NJ Health Officials Work to Prevent Drowning-Related Deaths
With the start of summer, comes reminder of the dangers of the season -- and swim lessons for children in urban areas.
Four children have drowned and another three nearly drowned in New Jersey waters since Memorial Day, a grim start to the summer season, according to state officials who are working to prevent drowning-related deaths.
On Wednesday, they were teaching water safety at the Raritan Bay YMCA in Perth Amboy, where fourth graders got a lesson on ways to keep safe while swimming.
But first they have to learn.
There were 120 Perth Amboy fourth graders at the YMCA for the summer safety program, and when they put on swimsuits and got into the pool, less than half could pass the swim test, said Raritan Bay YMCA President Stephen C. Jobin.
“I don’t think it’s unusual in an urban community that so many kids can’t swim.” Jobin said. “It’s frightening but it’s not unusual."
The YMCA is just four years old, built to replace one destroyed by fire in 1997. The pool opened three years ago, so for a decade Perth Amboy had no YMCA pool. Jobin said the result was a decline in swimming skills that he is determined to change, and he hopes that in a generation, most Perth Amboy residents will be swimmers. The YMCA plans to offer free swimming lessons to second graders. “In eight years, everyone will know how to swim,” Jobin said.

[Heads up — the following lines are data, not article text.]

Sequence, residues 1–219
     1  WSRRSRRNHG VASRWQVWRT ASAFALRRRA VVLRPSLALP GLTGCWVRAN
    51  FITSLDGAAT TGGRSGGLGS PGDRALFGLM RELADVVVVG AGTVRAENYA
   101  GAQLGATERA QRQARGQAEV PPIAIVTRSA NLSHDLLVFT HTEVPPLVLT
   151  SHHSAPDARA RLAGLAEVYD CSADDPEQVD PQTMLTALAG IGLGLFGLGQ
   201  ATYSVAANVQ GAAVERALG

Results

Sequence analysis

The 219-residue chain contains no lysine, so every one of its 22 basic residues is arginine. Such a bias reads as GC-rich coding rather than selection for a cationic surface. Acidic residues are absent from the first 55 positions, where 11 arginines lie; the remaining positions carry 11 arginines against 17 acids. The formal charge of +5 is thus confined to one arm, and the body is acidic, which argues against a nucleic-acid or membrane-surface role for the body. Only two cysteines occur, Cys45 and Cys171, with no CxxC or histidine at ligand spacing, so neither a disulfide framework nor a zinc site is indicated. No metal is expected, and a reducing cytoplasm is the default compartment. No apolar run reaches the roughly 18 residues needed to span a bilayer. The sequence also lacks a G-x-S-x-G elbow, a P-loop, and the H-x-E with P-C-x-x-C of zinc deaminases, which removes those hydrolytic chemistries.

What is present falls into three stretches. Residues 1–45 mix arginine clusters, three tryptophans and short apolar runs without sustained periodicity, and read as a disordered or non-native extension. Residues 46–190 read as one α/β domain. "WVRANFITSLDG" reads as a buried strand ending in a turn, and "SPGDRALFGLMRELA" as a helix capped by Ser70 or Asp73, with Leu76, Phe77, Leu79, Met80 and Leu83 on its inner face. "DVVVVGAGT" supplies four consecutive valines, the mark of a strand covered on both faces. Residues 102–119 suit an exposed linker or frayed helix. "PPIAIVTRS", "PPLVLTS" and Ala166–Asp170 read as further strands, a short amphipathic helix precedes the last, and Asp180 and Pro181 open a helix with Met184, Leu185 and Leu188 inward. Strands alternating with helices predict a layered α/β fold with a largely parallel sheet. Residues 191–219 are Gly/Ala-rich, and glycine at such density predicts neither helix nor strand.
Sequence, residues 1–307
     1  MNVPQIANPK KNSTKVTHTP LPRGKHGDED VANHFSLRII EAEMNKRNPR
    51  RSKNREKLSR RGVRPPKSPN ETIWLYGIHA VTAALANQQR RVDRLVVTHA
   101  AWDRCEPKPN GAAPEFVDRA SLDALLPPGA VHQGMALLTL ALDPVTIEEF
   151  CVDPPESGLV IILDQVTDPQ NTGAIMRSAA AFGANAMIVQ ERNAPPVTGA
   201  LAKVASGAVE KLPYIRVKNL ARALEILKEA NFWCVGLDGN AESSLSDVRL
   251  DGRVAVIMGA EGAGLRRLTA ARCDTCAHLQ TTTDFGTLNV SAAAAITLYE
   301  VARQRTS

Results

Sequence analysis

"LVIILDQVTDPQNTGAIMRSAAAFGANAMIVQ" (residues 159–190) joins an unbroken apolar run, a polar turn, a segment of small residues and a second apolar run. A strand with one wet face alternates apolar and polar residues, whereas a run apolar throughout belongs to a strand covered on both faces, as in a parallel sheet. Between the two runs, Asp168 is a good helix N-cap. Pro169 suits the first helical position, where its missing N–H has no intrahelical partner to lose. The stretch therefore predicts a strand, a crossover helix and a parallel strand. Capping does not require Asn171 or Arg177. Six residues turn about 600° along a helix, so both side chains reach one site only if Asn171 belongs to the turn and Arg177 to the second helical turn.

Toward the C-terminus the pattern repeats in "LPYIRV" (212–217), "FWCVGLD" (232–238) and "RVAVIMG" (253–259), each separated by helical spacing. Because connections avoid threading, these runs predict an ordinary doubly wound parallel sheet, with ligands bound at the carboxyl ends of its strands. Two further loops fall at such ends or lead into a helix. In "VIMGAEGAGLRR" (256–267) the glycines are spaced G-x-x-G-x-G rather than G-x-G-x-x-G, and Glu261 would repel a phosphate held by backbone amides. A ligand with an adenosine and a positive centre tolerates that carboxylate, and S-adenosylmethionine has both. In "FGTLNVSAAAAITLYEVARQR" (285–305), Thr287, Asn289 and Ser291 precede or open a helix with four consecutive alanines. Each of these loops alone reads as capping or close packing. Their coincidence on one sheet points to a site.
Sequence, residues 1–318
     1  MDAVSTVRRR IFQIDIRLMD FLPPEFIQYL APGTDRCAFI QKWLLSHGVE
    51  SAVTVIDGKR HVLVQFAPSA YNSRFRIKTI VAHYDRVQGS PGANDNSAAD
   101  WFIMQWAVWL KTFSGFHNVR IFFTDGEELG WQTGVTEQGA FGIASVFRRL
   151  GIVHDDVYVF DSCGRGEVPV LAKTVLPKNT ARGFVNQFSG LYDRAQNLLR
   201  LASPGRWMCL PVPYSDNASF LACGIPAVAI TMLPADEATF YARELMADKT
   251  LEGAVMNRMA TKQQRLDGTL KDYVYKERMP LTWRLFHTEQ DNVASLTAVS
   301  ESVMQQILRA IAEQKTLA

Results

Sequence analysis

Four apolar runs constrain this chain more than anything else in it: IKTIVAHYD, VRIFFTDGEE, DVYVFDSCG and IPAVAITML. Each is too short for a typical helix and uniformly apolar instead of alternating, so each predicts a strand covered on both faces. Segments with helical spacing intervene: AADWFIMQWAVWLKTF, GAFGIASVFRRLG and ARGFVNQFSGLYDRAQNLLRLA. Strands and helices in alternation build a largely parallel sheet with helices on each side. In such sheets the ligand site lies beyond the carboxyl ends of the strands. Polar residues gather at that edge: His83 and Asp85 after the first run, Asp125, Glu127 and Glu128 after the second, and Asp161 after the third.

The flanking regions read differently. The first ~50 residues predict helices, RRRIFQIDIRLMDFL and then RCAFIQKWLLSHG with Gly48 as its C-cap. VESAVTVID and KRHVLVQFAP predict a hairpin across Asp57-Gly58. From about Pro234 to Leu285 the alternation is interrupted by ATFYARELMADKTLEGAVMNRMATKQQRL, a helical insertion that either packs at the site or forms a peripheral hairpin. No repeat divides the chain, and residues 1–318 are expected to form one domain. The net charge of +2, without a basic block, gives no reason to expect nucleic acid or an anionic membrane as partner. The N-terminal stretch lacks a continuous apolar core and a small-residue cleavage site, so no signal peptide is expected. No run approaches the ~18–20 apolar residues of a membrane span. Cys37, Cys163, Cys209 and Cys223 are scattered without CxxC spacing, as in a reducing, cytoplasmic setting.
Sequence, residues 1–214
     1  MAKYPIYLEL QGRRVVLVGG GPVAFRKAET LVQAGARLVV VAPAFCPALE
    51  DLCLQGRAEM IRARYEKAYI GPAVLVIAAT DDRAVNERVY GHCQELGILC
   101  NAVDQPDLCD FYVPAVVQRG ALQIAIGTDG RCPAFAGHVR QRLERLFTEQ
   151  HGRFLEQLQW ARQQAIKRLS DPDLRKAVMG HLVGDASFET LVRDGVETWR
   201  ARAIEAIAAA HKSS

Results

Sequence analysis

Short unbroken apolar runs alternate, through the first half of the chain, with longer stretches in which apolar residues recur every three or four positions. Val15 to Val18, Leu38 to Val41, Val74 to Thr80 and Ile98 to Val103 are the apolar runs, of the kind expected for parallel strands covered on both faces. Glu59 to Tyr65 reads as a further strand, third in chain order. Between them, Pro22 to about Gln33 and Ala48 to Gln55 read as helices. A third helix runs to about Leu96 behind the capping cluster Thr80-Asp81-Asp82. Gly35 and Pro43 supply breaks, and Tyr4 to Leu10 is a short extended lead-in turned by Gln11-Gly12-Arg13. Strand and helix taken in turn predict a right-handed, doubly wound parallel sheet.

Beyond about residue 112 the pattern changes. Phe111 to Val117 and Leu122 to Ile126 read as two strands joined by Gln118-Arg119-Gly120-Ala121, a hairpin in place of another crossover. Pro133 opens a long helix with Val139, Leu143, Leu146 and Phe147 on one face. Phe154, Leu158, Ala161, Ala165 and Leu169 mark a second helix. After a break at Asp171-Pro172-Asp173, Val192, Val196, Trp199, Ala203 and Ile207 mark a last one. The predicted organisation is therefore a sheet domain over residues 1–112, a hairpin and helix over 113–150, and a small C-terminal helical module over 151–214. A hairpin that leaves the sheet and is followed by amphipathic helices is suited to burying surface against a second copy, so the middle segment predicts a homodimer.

State Health Commissioner Mary E. O’Dowd said knowing how to swim sometimes isn’t enough, especially in the ocean, where tired swimmers get into trouble. “Even if you know how to swim you can easily get out of the range of safety in the ocean,” she said. “All of a sudden you are out farther and you can’t get back in.”
Parents, too, need to be aware of summer’s dangers. They need to be vigilant, especially when children are near the water, said Allison Blake, commissioner of the state Department of Children and Families. “They need supervision at all times.”
And children should never be left alone in a car. “This is another situation where we lose children every summer” because they are left in the car with the windows rolled up, Blake said. “The temperature can rise in a hot car in a matter of seconds and it is really lethal exposure for a child.”